Departmental Papers (Classical Studies)

Document Type

Journal Article

Date of this Version

2002

Publication Source

The American Journal of Philology

Volume

123

Issue

4

Start Page

623

Last Page

627

DOI

10.1353/ajp.2003.0005

Abstract

I cannot remember a time when scholarly interest in a particular classical author was equaled, and maybe exceeded, by a popular enthusiasm measured in weeks on the best-seller lists, boffo box office, and Tony awards. But this seems now to have happened with Ovid. Latinists for some time have been taking Ovid much more seriously than they had done, making his poetry a vehicle for new directions in their work. Over roughly the same period, we have seen Ovidian novels by David Malouf, Christoph Ransmayr, and Jane Alison; fresh translations and ambitious reworkings by Ted Hughes and other poets; and now a remarkable new play by the extraordinary Mary Zimmerman (Circle in the Square, New York, N.Y., from 4 March 2002).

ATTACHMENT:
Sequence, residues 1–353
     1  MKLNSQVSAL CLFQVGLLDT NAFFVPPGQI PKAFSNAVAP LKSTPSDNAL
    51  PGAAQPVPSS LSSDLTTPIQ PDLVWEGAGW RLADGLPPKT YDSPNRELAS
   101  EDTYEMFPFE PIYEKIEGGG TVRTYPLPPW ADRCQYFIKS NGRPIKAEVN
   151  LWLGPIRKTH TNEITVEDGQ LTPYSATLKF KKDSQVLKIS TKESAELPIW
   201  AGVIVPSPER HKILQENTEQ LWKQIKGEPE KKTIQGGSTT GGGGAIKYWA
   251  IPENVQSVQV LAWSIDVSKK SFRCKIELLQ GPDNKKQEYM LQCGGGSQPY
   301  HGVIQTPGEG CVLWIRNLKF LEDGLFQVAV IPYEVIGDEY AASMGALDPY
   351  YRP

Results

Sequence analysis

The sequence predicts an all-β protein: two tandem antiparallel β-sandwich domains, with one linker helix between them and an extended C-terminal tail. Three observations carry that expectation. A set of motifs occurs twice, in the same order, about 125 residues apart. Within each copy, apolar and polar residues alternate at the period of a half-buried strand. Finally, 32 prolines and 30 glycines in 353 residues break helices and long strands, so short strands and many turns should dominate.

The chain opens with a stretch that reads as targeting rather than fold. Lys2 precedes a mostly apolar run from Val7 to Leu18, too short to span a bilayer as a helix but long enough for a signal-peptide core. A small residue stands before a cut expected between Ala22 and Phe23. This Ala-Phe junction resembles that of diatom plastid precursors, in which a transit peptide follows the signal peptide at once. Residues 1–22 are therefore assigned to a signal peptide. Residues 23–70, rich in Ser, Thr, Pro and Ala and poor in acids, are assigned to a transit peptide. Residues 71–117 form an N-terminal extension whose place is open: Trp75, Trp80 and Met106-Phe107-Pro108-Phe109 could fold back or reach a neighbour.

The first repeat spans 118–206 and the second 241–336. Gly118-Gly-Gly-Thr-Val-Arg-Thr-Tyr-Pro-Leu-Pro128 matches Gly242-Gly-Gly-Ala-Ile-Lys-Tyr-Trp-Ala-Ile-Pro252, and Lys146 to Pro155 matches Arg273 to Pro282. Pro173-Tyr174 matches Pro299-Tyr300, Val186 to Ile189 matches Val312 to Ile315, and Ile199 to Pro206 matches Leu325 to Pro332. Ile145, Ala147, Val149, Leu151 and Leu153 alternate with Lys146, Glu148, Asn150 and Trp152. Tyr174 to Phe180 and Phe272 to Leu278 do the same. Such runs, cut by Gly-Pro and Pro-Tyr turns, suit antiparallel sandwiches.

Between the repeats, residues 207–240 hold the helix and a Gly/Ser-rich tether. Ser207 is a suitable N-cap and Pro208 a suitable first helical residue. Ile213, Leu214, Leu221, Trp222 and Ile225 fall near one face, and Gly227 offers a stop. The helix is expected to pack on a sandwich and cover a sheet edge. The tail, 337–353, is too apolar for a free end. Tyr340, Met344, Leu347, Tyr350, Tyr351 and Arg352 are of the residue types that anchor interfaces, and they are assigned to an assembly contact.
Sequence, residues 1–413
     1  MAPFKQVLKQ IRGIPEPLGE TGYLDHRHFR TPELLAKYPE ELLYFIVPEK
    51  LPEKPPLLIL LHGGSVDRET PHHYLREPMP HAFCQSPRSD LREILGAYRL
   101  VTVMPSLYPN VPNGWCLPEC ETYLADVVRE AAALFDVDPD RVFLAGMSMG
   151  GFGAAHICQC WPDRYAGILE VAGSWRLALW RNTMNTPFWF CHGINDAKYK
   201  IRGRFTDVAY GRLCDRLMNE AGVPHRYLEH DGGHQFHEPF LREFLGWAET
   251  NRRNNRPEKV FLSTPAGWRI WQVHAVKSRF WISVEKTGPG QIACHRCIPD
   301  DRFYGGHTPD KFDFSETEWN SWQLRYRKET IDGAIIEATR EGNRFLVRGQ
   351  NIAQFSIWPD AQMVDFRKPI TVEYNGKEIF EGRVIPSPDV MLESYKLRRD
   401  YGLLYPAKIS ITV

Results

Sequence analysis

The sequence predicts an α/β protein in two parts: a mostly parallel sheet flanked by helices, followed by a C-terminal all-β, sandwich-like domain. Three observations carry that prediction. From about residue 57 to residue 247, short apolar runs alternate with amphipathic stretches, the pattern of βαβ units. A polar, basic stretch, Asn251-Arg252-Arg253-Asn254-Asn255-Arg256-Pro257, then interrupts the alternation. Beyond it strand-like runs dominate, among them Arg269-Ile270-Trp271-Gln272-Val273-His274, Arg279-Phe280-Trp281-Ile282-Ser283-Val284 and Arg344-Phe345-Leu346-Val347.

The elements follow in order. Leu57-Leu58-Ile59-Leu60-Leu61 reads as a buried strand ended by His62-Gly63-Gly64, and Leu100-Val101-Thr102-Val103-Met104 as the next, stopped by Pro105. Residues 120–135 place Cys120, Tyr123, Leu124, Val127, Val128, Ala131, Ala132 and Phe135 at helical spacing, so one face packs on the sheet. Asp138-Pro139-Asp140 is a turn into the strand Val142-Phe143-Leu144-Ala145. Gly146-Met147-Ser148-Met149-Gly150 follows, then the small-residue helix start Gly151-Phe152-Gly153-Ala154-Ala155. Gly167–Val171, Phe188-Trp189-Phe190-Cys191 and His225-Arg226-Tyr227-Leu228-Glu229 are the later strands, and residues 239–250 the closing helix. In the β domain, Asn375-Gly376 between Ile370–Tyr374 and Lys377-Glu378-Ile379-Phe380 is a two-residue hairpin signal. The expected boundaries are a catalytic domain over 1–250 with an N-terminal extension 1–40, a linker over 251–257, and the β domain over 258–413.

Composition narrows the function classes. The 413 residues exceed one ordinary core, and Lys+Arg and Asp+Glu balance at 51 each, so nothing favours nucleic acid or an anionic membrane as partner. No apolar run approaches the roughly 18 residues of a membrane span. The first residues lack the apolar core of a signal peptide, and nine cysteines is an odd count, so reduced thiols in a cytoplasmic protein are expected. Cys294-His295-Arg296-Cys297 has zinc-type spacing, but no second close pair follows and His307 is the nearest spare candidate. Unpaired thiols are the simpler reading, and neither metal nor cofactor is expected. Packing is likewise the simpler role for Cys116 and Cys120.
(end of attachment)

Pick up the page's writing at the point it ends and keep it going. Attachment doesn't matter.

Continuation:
Copyright/Permission Statement

Copyright © 2002 Johns Hopkins University Press. This article first appeared in The American Journal of Philology 123:4 (2002), 623-627. Reprinted with permission by Johns Hopkins University Press.

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Date Posted: 12 December 2016